We complain about people being easily led into error, but (as Theodore Dalrymple used to say to prisoners who told him they were "easily led"), "... but you weren't easily led into anything good were you? Your teachers never led you into studying French or doing your homework". The wicked members of Marxist academia differ from their opponents (with noble exceptions) only in that they actually try to lead young minds. I was not surprised to learn that when Margaret was asked what should be done with money raised for a foundation in her honour, she said "teach free market principles to young people".

I always thought Boris was immoral (does the wrong thing but knows it). In truth we now know he's amoral (doesn't know there is a right thing). He can't stand on his principles – not because he lacks courage – but because he doesn't have any. That, not any lack of intelligence or resources, is why he's an awful leader.


COVID exposed it. The Stafford Hospital scandal exposed it. In truth, was it ever concealed? You don't need to hide something if people refuse to look. The faith British people have in the NHS is just that - a faith. A comedian can get a laugh at the O2 by saying "I have never been religious myself...." [comedic pause] "...because I am not a f***ing idiot". [Crowd roars approval]. Yet the same audience of oh-so-modern, oh-so-clever sceptics would engage in ritual pan-banging on demand in support of the saints of the National Health Soviet – an institution that takes tens of thousands of life-years from them when compared to French or German healthcare. The same advanced thinkers simply will not think AT ALL when it comes to a clear and unarguable failure. The only comparison that's ever made in public discussions is with the very poor US system. But even that poor system produces superior cancer survival rates.

Before the late Mrs P. died, I discussed with her the idea of my retiring early and going into politics – with the honest intent of fighting to shrink the state. She said three things that convinced me not even to try. Firstly, it would be hard to get on the candidates list because parties don't like financially-independent candidates likely to resist the whip. Secondly, if I did succeed I would hate the whip and end up as a rebel with no chance of advancement. Thirdly, "your blog has your views on the NHS for anyone to read. If the party doesn't discover that before letting you in, some journalist will and you'll be dead meat." Was she wrong?


Good piece.

I don't think the NHS explains this as we see similar issues in many countries. I do agree that the structure of the NHS means it will always do a poor job of delivering healthcare. (this is replying to the comments not the article)

I can understand the government problems. Teachers don't want to go to work so claim it is unsafe. The government can't be bothered to fight. Government can't admit that they shirked their duty to stop the teachers from shirking, so accept the "scientific" explanation of their opponent. Once you accept a falsity logic can take you all kinds of crazy places. Then if you work in a business where never admitting error or uncertainty is key, you don't get to get off that ride. In the UK I do think many difficulties comes from Boris being lazy and not wishing to confront his opponents.

My disappointment and surprise is more in discovering how few of ones friends will even contemplate that something they are told is good might be bad.
"here is a simple argument that this policy has to be causing net harm"
tends to receive
"why don't you care about people"

Anyway, as a "I have no need of that hypothesis" agnostic, I still see merit in the instruction to hate the sin love the sinner. To know that this too shall pass. And whilst you can't fight everyone, there are fights worth paying the social cost. Especially on behalf of others who don't have any say. It is notable that children and working class have rules imposed on them that would never be accepted by say MPs.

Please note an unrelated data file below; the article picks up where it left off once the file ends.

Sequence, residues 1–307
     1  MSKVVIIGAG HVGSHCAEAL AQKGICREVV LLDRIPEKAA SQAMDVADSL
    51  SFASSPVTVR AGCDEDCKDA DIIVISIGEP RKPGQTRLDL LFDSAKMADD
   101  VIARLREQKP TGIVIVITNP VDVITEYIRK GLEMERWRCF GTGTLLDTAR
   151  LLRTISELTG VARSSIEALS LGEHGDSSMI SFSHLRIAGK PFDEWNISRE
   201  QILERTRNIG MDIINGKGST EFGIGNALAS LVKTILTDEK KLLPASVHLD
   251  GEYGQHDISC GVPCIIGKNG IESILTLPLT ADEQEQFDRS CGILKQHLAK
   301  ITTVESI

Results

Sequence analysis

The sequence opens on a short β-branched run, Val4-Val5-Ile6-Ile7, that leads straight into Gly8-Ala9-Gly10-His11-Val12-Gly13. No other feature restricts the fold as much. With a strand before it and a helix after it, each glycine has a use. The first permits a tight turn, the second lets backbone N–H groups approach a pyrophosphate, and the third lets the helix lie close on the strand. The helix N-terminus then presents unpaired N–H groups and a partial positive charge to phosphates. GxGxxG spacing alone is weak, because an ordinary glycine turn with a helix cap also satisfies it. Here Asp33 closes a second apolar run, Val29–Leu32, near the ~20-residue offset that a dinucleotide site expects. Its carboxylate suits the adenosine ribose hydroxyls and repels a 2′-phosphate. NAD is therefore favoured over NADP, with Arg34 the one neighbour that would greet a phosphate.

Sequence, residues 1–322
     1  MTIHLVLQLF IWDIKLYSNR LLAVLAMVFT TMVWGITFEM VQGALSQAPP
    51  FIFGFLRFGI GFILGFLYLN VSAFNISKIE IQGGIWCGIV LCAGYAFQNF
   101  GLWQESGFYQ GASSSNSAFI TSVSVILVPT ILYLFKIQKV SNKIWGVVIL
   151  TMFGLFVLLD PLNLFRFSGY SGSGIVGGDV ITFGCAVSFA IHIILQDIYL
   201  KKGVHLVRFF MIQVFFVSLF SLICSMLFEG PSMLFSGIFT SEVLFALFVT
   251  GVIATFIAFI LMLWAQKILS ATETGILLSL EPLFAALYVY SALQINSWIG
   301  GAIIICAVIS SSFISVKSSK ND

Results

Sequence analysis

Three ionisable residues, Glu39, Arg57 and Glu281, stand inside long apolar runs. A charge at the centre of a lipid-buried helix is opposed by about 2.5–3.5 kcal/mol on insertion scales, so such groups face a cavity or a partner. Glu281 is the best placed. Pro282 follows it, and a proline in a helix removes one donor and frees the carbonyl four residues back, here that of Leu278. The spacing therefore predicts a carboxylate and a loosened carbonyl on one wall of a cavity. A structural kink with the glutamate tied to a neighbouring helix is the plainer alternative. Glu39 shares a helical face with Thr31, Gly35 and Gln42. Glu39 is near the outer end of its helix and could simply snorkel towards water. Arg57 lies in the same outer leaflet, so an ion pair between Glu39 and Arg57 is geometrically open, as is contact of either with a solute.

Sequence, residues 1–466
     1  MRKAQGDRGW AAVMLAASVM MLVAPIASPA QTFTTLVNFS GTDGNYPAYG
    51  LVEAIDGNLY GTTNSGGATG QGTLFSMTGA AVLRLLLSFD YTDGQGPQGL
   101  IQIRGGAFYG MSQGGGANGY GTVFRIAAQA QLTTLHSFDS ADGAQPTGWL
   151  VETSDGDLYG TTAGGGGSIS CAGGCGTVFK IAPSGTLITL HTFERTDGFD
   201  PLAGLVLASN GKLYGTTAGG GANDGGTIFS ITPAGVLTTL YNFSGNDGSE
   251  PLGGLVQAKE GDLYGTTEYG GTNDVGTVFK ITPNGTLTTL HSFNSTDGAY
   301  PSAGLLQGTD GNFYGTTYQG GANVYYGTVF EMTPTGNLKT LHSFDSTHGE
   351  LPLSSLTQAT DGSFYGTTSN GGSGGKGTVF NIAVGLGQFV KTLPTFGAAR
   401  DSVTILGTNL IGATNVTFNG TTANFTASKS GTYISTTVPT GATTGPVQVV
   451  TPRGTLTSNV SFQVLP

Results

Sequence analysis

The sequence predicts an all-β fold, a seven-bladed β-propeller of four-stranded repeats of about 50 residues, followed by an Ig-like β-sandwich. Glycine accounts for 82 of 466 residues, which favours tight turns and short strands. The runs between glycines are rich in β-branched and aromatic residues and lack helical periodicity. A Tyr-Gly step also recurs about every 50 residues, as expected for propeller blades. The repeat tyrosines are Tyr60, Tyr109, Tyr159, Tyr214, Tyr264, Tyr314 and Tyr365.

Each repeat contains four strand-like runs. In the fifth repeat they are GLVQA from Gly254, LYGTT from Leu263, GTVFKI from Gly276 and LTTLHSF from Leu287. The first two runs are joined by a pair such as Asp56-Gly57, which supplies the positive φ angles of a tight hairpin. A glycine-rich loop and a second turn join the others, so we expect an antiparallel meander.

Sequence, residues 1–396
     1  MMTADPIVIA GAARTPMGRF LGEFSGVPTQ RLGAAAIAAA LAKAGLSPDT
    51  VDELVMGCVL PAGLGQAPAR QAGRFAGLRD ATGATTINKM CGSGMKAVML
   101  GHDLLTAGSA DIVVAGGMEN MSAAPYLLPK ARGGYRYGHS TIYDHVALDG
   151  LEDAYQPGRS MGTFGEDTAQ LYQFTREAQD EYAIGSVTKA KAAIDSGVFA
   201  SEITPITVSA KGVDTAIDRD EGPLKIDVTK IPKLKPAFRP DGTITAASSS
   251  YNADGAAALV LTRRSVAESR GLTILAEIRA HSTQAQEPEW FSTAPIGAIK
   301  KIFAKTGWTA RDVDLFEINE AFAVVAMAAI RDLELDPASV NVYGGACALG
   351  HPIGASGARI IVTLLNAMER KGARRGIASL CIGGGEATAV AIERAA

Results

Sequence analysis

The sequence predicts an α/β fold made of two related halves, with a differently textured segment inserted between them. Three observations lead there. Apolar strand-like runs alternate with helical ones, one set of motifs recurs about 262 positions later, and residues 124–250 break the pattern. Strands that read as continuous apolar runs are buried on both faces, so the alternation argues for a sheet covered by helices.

The pandemic exposed just how unfit for purpose the NHS really now is. I suppose a consequence might be the development of a two tier system of care where some are prompted to arm themselves with private treatment and the rest of us make do with a second class service.

It's soul-destroying how quickly it becomes second nature to necessarily modify one's speech in keeping with "the narrative" of 'wokeism'. During the pandemic it was dispiriting to realise that, even on an important issue, most people seldom, if at all, think critically instead clinging like limpets to an opinion, picked up wholesale, without being able to logically defend it. There can be no possibility of discussion with such people.


The NHS is a weird phenomenon in British politics. How people can understand that soviet methods do not work for delivering groceries or telecoms, yet believe (against all evidence – because it produces clearly inferior outcomes) they are the way forward for healthcare is beyond me.

And yes, you are right, apart from killing thousands who would live under the German, French or even US healthcare systems, the NHS also poisons social relations. The NHS was not asked to save the people when a healthcare crisis arose, but vice versa.


Thank you. I have actually been writing a lot more than usual, but elsewhere and on different topics. COVID-mania has knocked the stuffing out of me politically. My fellow-citizens are further from me ideologically than I could ever have imagined. I must sound insane to them. If everyone sincerely believes the world is flat, then for all practical purposes it is and the man who insists otherwise is a lunatic. I have sadly concluded that only an economic and societal collapse no humane person could ever wish for will re-enlighten those whose minds Marxist academics have darkened.


It's a logical consequence of the NHS as implemented. Politicians long ago saw behaviour that risked imposing in cost the NHS (mountaineering is the earliest one I recall) as something they were entitled to disapprove of. And disapproval quickly justifies discouragement; if people won't voluntarily comply, coercion is (oh so reluctantly) the next step. The end point of the process being use of propaganda to make the public supportive of and complicit in coercion. And the public falls for it; for example, Mr Mullins and his "No jab, no job" policy. In my view, the rot has spread right across government from its roots in the Department of Health.


Glad to see you are posting again.

The comments to this entry are closed.